Over the weekend while attending my town’s Friday night football game, I struck up a conversation with an acquaintance of mine, and we started talking about the market. The fellow I was talking about was a believer in the market, and knew that the current crisis that we are in would eventually pass, and the market would continue to strive as it usually does. What he found most peculiar was with some of the sediments of his fellow co-workers, who were participating in the 401k. His co-worker’s belief was that with the market being as bad as they were, they were going to no longer defer to their 401k, and refrain from taking advantage of the pre-tax contributions into their retirement plan. They were giving up free money! He was stunned by his co-worker’s remarks, and as equally as I, and compared that to a conversation that I had, with some other workers from another local employer. It prompted me to write this blog in regards in to things you should not do when it comes to your 401k.
1. Do not stop contributing to your 401k no matter what.
Just because the markets are down does not mean you should not contribute. In fact if there was a time ever to contribute, this would be the time. The simplest reasons is that right now despite the market’s turmoils, currently the market is at a discount, and what that means is that there are a lot of great companies that exist out there, that are currently “on sale”. This is a time to buy stocks, at a cheap price in hopes to benefit from the appreciation in later years. This strategy can also be called dollar cost averaging, which means as long as you are contributing on a consistent or periodic basis, you’ll take advantage of buying shares at a lower price in down markets, and compare that to buying shares at a higher price in up markets, which should then all balance out for a dollar cost average.
If the market has you completely terrified, then consider changing all future contributions to short or intermediate bonds. At least that way you’re money is making a little interest while the market tries to figure itself out.
2. Do not put all of your 401k into the money market.
While I understand the disbelief in the markets right now to where you want to shift all of your money into the money market, by doing this would be a great mistake. If you believe that making money in the market is to buy low and sell high, then by shifting your money into the money market from your other investments, it would be the exact opposite; buying high and selling low. If you’ve seen your 401k depreciate in the last several months, the only way to get that back is by staying exactly where you’re at. Now, I understand for those nearing retirement, that this can be a compromising situation, but if you visit the rule of 72, meaning that you take 72 divided by the interest rate on your investments, and that will tell you how long it will take to double your money. That also, too, will give you an indicator how long it will take you to recoup the losses that you have incurred. By shifting to the money market, chances are, you are making somewhere in the 2% interest rate, which means it would take you almost 20 to 30 years just to double your money, and to recoup your other money that you’ve lost, would be a great time.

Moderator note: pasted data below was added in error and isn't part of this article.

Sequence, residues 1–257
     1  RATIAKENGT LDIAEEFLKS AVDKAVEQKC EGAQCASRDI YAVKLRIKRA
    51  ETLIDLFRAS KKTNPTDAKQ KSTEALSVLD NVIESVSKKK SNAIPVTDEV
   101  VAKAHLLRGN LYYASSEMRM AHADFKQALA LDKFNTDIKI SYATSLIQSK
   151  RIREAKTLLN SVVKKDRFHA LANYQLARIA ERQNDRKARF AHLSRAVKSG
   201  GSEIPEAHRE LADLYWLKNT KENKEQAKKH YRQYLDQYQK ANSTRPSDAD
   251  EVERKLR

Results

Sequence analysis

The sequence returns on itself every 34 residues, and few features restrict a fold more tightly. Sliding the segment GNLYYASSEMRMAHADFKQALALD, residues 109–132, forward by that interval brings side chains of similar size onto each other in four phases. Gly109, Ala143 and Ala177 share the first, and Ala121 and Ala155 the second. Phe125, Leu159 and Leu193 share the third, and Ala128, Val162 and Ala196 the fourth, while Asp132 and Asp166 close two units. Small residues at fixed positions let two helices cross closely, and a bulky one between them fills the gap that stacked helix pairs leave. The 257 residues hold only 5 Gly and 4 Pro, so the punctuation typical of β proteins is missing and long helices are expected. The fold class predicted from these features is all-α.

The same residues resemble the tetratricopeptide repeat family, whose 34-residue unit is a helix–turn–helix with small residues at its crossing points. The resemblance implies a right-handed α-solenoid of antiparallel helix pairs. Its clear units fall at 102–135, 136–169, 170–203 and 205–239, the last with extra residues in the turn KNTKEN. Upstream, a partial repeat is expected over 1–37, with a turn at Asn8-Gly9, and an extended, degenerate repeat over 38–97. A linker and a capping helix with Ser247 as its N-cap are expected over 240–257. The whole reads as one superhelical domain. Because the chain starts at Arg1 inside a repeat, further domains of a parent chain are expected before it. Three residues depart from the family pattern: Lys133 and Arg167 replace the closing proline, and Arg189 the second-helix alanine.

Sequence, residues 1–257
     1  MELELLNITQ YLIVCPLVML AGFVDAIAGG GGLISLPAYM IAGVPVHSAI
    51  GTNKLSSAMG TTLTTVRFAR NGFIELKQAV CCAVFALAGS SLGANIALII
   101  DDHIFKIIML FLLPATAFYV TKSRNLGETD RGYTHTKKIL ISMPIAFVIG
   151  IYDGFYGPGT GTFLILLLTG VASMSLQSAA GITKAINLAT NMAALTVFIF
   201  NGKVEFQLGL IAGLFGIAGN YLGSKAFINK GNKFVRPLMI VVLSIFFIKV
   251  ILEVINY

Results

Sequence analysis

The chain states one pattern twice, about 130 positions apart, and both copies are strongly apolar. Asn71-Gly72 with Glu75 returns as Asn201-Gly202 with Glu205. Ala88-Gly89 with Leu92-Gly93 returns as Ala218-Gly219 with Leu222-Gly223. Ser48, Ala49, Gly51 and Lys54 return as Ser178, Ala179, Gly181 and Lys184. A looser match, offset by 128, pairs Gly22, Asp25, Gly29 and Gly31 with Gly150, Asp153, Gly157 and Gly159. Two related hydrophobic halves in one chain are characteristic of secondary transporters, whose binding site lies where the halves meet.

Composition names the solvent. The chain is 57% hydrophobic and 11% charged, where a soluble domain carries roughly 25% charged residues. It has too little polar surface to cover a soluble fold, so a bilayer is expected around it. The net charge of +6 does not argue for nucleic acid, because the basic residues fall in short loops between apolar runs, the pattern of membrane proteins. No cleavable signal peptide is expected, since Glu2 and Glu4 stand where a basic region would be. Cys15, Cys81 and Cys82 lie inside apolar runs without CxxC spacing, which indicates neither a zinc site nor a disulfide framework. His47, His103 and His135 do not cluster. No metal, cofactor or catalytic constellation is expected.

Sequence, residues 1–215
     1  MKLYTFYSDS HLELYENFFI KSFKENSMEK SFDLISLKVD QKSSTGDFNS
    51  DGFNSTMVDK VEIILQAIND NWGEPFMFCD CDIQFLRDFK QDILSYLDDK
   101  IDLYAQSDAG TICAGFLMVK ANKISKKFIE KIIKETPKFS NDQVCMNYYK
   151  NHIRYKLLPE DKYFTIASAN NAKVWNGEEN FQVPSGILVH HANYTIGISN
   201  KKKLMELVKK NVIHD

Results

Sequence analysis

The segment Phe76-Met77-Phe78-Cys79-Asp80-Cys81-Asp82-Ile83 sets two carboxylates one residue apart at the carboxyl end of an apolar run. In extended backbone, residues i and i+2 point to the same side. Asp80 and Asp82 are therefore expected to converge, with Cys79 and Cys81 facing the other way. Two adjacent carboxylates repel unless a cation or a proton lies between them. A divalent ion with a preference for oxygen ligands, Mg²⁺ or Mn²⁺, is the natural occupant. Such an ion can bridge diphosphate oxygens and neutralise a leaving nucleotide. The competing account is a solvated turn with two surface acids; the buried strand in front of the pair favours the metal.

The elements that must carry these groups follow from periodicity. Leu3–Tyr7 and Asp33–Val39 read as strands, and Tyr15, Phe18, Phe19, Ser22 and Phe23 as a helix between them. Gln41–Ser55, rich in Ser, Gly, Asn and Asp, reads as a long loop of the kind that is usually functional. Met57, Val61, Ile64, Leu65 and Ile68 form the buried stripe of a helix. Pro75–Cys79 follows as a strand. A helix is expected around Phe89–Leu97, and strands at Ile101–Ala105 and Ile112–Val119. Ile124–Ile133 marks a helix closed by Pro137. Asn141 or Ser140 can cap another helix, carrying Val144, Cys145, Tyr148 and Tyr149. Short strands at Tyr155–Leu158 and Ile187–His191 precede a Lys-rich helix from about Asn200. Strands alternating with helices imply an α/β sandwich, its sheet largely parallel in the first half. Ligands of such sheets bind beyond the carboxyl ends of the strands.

3. Do not borrow against your 401k.
This can be said in an up market or down market, but I had to throw it in there. Borrowing against your 401k is never advisable, especially in a down market. Look to start an emergency fund of some kind so that you can have that to fall back on in case of an emergency. If you don’t have an emergency fund, start one now. There’s no sense in contributing to your 401k if you have to pull it out just pay the bills.
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